A year ago, Palestinian medical student Wessam al-Ghoul in the U.K. thought Barack Obama would break new ground in bringing Middle East peace. Today, he says the Democratic presidential candidate is merely “the lesser of two evils.”
Al-Ghoul changed his mind after Obama toughened his rhetoric against Iran and said on June 4 that ''Jerusalem will remain the capital of Israel, and it must remain undivided.'' Palestinians claim east Jerusalem as their future capital.
''He has become virtually indistinguishable from any U.S. politician running for office,'' said al-Ghoul, 24. He added that presumptive Republican nominee John McCain, 71, is worse only because he would continue the foreign policies of President George W. Bush, whose war in Iraq, now in its sixth year, has made him unpopular in the Arab world.
Twelve percent of Americans think, wrongly, that Obama is a Muslim, according to a poll this month by the Pew Research Center. Obama, a Christian, spent part of his childhood in Indonesia, the world's largest Muslim country, and his middle name is Hussein, ''handsome'' in Arabic.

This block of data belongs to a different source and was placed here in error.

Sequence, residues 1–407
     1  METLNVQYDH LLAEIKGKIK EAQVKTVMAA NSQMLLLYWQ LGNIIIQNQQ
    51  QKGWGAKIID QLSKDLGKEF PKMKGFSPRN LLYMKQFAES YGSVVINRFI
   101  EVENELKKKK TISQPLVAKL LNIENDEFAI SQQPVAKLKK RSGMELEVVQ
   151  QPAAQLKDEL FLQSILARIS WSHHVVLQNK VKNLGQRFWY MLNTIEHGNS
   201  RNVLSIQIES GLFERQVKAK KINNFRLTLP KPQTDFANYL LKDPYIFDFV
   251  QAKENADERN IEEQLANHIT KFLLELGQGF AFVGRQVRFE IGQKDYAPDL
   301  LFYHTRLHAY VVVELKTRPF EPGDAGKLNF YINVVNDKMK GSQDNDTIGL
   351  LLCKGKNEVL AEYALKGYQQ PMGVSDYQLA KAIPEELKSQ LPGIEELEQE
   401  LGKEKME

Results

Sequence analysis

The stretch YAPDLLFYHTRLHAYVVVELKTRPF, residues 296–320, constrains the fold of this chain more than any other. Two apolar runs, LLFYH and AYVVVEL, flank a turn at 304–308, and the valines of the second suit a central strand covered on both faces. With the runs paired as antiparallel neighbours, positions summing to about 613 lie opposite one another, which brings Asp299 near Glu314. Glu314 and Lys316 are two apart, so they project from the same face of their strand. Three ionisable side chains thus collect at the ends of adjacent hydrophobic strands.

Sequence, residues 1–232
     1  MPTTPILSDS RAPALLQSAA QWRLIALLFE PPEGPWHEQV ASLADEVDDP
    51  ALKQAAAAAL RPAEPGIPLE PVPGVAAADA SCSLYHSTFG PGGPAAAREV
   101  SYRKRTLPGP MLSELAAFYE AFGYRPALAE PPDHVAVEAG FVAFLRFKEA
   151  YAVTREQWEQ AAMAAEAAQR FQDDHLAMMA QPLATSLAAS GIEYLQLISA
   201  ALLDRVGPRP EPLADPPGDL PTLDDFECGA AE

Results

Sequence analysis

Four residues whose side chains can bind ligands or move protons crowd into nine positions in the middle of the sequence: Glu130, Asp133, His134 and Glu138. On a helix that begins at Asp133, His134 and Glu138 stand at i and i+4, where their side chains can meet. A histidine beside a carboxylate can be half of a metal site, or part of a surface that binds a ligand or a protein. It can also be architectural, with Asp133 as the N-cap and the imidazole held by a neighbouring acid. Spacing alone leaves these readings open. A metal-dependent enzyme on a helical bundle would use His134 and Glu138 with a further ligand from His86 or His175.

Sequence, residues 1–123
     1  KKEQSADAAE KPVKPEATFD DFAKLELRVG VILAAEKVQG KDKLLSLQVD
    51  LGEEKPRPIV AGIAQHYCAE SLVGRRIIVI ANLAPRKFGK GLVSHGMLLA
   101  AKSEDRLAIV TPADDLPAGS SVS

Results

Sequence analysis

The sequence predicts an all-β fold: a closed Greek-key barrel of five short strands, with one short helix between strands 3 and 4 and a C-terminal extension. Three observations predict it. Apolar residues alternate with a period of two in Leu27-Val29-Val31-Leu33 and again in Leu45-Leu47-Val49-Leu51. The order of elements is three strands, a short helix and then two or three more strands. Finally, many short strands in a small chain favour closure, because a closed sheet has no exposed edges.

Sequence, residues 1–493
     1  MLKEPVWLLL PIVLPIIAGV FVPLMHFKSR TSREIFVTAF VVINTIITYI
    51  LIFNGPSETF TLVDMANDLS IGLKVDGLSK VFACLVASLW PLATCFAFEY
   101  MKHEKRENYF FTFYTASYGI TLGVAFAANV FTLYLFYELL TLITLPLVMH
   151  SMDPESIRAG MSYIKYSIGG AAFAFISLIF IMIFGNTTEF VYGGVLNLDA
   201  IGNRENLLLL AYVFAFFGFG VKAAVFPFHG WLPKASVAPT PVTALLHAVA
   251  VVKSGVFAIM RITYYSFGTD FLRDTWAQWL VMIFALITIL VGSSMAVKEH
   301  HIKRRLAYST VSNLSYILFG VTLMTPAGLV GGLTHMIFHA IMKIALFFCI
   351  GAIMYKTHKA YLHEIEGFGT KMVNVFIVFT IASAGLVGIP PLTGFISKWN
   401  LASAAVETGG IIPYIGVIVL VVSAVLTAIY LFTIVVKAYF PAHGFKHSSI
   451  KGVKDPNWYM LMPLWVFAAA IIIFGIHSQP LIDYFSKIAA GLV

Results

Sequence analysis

Yet many Muslims around the world doubt the 46-year-old Illinois senator will advance their interests much and expect Obama to leave largely unchanged a U.S. foreign policy they perceive as unfairly tilted toward Israel.
Obama's comment on Jerusalem, in a speech to the American Israel Public Affairs Committee, was a “radical rupture with the Arab public,” said Habib Samarkandi, a professor at the University of Toulouse in France who edits a journal about North African culture. “We discovered our support was based on illusions rather than the reality of the person.'' (MORE)